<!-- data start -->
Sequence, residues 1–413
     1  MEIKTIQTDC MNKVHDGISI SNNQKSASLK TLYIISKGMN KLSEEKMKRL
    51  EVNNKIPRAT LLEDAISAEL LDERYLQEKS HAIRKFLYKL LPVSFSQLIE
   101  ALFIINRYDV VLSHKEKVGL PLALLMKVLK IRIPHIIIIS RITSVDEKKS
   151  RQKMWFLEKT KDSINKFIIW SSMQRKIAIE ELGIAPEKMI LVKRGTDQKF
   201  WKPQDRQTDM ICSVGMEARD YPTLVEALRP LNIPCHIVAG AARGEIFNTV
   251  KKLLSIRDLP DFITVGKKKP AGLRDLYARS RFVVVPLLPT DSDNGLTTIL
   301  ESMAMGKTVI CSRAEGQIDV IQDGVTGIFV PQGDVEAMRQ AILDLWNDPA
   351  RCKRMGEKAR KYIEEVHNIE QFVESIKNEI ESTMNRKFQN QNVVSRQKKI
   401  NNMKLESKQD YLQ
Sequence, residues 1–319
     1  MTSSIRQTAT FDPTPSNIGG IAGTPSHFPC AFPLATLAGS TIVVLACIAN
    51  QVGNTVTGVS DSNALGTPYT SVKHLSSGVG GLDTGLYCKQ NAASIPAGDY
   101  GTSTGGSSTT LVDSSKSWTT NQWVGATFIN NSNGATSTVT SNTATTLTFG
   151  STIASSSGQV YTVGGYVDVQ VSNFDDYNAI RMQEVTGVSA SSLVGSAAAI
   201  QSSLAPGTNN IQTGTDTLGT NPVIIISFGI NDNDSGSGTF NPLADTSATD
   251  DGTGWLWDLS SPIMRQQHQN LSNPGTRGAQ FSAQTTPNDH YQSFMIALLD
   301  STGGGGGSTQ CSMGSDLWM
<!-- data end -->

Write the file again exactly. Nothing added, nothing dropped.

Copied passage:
Sequence, residues 1–413
     1  MEIKTIQTDC MNKVHDGISI SNNQKSASLK TLYIISKGMN KLSEEKMKRL
    51  EVNNKIPRAT LLEDAISAEL LDERYLQEKS HAIRKFLYKL LPVSFSQLIE
   101  ALFIINRYDV VLSHKEKVGL PLALLMKVLK IRIPHIIIIS RITSVDEKKS
   151  RQKMWFLEKT KDSINKFIIW SSMQRKIAIE ELGIAPEKMI LVKRGTDQKF
   201  WKPQDRQTDM ICSVGMEARD YPTLVEALRP LNIPCHIVAG AARGEIFNTV
   251  KKLLSIRDLP DFITVGKKKP AGLRDLYARS RFVVVPLLPT DSDNGLTTIL
   301  ESMAMGKTVI CSRAEGQIDV IQDGVTGIFV PQGDVEAMRQ AILDLWNDPA
   351  RCKRMGEKAR KYIEEVHNIE QFVESIKNEI ESTMNRKFQN QNVVSRQKKI
   401  NNMKLESKQD YLQ
Sequence, residues 1–319
     1  MTSSIRQTAT FDPTPSNIGG IAGTPSHFPC AFPLATLAGS TIVVLACIAN
    51  QVGNTVTGVS DSNALGTPYT SVKHLSSGVG GLDTGLYCKQ NAASIPAGDY
   101  GTSTGGSSTT LVDSSKSWTT NQWVGATFIN NSNGATSTVT SNTATTLTFG
   151  STIASSSGQV YTVGGYVDVQ VSNFDDYNAI RMQEVTGVSA SSLVGSAAAI
   201  QSSLAPGTNN IQTGTDTLGT NPVIIISFGI NDNDSGSGTF NPLADTSATD
   251  DGTGWLWDLS SPIMRQQHQN LSNPGTRGAQ FSAQTTPNDH YQSFMIALLD
   301  STGGGGGSTQ CSMGSDLWM